Within the Real Estate Board of Greater Vancouver area, 20 municipalities may also have bylaws, policies, and additional requirements for removing or abandoning tanks that are administered by the local fire department.

This Fact Sheet links to each municipal bylaw, and includes the costs of fees and permits, requirements for remediation and inspection, and guidelines for dealing with leaking tanks, abandoning tanks in place and penalties.

Why are tanks an issue?

The life span of a tank is about 25 years and as tanks age and corrode, they can become a health and safety hazard, according to Wouters.

Heating oil, gas, diesel fuel and other toxic substances can leak into surrounding soil, neighbouring properties and even the groundwater system and can cause a fire or an explosion hazard.

Cleanup costs range from $5,000 to $30,000, according to Wouters, although there are cases where homeowners have paid as much as $123,000, according to Mike Mangan, a real estate lawyer and contributor to BC Real Estate Association’s Legally Speaking.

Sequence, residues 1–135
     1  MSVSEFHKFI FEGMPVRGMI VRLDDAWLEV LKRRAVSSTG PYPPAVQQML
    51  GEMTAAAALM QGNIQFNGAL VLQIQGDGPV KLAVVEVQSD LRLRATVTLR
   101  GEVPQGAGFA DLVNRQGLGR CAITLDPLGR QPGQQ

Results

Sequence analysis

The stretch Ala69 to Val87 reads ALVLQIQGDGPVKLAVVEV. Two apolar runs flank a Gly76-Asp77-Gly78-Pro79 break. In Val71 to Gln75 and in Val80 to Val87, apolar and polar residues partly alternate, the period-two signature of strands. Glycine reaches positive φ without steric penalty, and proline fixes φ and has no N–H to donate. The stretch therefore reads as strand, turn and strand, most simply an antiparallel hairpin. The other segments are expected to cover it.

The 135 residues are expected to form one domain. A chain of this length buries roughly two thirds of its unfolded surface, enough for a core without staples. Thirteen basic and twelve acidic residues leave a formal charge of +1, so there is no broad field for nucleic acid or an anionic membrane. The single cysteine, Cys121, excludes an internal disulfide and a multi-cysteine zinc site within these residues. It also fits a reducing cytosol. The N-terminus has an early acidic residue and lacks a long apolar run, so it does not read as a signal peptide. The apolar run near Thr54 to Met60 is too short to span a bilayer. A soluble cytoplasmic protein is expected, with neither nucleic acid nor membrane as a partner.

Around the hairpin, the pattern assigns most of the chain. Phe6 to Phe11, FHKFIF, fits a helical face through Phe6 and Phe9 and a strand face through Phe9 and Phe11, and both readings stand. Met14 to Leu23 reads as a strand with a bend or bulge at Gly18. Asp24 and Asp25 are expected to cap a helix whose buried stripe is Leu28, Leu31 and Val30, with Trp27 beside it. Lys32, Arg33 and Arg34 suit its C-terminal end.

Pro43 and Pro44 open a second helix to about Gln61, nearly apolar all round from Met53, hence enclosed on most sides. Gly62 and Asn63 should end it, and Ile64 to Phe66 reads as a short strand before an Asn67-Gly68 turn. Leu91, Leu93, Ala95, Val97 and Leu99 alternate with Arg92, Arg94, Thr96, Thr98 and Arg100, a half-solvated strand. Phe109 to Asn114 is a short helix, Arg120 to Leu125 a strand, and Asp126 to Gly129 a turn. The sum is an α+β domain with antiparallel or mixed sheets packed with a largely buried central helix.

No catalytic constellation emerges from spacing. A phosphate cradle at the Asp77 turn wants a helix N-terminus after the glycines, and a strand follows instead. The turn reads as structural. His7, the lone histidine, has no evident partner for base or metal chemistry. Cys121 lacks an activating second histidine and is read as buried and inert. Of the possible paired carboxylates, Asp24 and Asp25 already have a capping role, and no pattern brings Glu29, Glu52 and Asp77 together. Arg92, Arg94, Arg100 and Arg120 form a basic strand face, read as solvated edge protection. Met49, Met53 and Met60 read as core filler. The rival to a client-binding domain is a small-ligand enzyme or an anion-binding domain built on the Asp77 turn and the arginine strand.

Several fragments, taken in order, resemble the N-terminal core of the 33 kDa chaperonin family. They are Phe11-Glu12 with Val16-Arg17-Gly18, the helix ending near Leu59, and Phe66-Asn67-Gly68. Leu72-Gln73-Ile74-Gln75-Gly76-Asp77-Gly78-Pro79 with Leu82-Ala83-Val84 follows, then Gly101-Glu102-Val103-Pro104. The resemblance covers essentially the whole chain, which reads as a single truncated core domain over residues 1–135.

Who’s responsible for tank removal and cleanup?

“Those who are in some way responsible for causing contamination are classified as responsible persons,” according to the Ministry of Environment’s Remediation Liability Overview.

This can include a current owner, a previous owner, and even a producer or transporter of a substance that caused the contamination.

Who isn’t responsible?

Property owners who innocently acquired the site. An innocent owner or previous owner must prove:

  • at the time they bought the property it was already contaminated;
  • they had no way of knowing the property was contaminated;
  • and they asked the previous owner about whether there had been a tank on the site.

 

Focus on the City of Vancouver

The City of Vancouver is updating requirements for property owners dealing with underground storage tanks, according to James Smith, assistant manager of the City’s Environmental Contamination Team.

The City of Vancouver is updating requirements for property owners dealing with underground storage tanks, according to James Smith, assistant manager of the City’s Environmental Contamination Team.